Earlier this year, my daughter kept coming home from school and sharing that she had a sad day because a friend “broke up” with her. We talked about these situations a lot and it always seemed to be the same friend. I suggested that maybe things were meant to be with this friend and maybe not, but all she could do was to keep trying to be a good friend and let the chips fall where they may. I also suggested that she work on trying to have a good day despite the status of their friendship. I urged her to look to some of the other things that were going well in her day and focus on those things, even though there may be moments of sadness about losing a friend.

Don’t you know, earlier this week, while making dinner, my daughter shared with me that this same friend “broke up” with her again. She then shared, “But I didn’t let that ruin my day. I had a great day…” and she proceeded to tell me about all of the other things that happened at school.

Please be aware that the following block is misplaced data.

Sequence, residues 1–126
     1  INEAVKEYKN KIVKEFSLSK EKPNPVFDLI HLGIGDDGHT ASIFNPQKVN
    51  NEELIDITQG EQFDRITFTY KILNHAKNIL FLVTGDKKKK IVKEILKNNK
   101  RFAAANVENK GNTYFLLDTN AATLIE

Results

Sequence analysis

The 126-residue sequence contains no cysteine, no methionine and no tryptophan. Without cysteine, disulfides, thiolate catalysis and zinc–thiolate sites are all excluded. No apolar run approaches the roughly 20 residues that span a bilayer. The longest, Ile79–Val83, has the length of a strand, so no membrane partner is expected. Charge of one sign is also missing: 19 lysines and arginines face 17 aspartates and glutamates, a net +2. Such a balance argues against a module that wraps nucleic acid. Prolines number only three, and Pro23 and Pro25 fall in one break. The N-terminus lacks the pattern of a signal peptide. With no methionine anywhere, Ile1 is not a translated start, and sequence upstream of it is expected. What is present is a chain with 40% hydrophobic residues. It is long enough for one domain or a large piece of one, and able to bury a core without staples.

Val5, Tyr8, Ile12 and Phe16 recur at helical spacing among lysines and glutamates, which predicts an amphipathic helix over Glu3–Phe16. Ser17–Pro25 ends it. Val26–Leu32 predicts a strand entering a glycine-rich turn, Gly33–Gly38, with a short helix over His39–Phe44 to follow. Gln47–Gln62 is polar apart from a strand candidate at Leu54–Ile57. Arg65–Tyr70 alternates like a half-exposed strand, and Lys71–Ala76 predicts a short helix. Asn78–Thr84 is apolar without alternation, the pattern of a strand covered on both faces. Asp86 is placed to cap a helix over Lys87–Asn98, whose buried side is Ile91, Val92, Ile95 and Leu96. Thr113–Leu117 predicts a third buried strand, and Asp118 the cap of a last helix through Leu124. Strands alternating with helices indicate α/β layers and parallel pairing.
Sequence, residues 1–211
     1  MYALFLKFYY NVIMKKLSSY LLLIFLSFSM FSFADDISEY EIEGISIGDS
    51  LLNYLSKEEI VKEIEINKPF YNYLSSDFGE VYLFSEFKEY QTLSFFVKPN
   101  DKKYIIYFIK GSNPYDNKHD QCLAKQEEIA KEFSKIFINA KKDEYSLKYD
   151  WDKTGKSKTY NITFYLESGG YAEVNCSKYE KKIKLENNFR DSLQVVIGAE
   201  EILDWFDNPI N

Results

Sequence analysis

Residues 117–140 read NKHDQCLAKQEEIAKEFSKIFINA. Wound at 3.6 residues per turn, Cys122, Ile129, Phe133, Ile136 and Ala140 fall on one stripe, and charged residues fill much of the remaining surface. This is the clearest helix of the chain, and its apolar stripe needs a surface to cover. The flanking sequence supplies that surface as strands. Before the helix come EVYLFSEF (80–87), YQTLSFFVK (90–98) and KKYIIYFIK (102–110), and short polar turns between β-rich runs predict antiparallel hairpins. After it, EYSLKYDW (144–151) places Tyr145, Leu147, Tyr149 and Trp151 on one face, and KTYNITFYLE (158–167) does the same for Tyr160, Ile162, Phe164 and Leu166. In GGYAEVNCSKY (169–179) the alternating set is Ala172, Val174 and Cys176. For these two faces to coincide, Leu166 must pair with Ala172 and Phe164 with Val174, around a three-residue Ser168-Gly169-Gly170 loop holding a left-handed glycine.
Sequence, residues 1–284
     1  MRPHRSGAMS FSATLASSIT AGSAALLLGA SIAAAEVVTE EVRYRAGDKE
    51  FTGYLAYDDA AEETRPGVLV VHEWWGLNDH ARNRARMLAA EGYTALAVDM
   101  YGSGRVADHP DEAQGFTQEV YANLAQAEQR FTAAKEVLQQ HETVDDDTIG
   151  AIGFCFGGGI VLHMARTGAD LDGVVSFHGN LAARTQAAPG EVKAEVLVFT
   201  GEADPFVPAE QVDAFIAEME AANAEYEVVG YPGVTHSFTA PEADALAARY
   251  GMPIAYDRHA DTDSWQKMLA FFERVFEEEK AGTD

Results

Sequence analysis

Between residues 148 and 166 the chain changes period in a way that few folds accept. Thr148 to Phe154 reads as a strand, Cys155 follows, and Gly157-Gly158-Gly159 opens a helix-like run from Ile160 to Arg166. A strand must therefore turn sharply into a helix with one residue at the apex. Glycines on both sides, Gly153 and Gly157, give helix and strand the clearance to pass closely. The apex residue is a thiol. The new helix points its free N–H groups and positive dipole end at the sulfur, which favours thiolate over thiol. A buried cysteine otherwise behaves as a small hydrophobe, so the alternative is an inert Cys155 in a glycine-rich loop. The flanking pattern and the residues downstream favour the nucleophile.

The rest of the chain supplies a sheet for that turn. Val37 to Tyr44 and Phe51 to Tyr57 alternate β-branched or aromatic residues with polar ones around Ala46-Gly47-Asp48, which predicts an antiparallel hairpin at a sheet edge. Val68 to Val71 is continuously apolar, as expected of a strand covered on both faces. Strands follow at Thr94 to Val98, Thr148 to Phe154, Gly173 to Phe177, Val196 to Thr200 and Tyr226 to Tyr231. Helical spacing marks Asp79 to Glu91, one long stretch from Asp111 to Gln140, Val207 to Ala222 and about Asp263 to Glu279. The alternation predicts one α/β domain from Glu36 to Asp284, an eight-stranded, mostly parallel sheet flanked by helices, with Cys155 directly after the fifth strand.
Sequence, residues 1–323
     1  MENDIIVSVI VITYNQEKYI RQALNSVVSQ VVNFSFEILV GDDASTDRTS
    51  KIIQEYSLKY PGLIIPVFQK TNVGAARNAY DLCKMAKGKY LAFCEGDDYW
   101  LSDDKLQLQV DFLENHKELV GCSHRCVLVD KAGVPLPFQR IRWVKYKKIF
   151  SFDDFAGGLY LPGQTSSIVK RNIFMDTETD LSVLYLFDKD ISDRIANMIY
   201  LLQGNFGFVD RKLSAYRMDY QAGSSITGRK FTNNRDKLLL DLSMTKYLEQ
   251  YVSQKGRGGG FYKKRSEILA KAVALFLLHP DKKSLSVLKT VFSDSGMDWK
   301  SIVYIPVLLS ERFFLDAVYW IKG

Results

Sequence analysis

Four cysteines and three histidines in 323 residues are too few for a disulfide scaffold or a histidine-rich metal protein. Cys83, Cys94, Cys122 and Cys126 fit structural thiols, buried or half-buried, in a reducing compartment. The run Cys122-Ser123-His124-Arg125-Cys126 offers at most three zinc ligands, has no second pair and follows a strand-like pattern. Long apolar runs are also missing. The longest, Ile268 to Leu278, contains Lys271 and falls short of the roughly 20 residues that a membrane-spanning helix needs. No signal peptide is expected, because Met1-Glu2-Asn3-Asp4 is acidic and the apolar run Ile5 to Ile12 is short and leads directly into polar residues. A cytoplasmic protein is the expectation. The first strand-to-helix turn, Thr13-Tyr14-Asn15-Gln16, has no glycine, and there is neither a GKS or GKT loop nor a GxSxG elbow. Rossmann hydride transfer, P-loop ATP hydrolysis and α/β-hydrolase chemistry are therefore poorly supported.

Friends, I can’t tell you how much joy that brought me. Is it possible that my daughter has learned something at age 7 that took me 20-30 years to understand?

I mean, I know that she’ll experience greater friendship losses than a fickle classmate who’s in some days and out on others, but the framework is there for understanding that one, someone deciding not to be your friend is out of your control, and two, it will feel sad, but it won’t ruin your entire day or life.

After the recent presidential election, I lost some friends — some closer than others. It makes me sad to think about losing those friendships, and I still have to consciously have the conversation with myself about the life cycle of friendships. It’s grief or micro-grief for sure, but it’s good grief. If you can work through the sadness and understand that it’s all for a purpose — in most cases, to teach us life lessons that help us to grow and help others along their path of learning.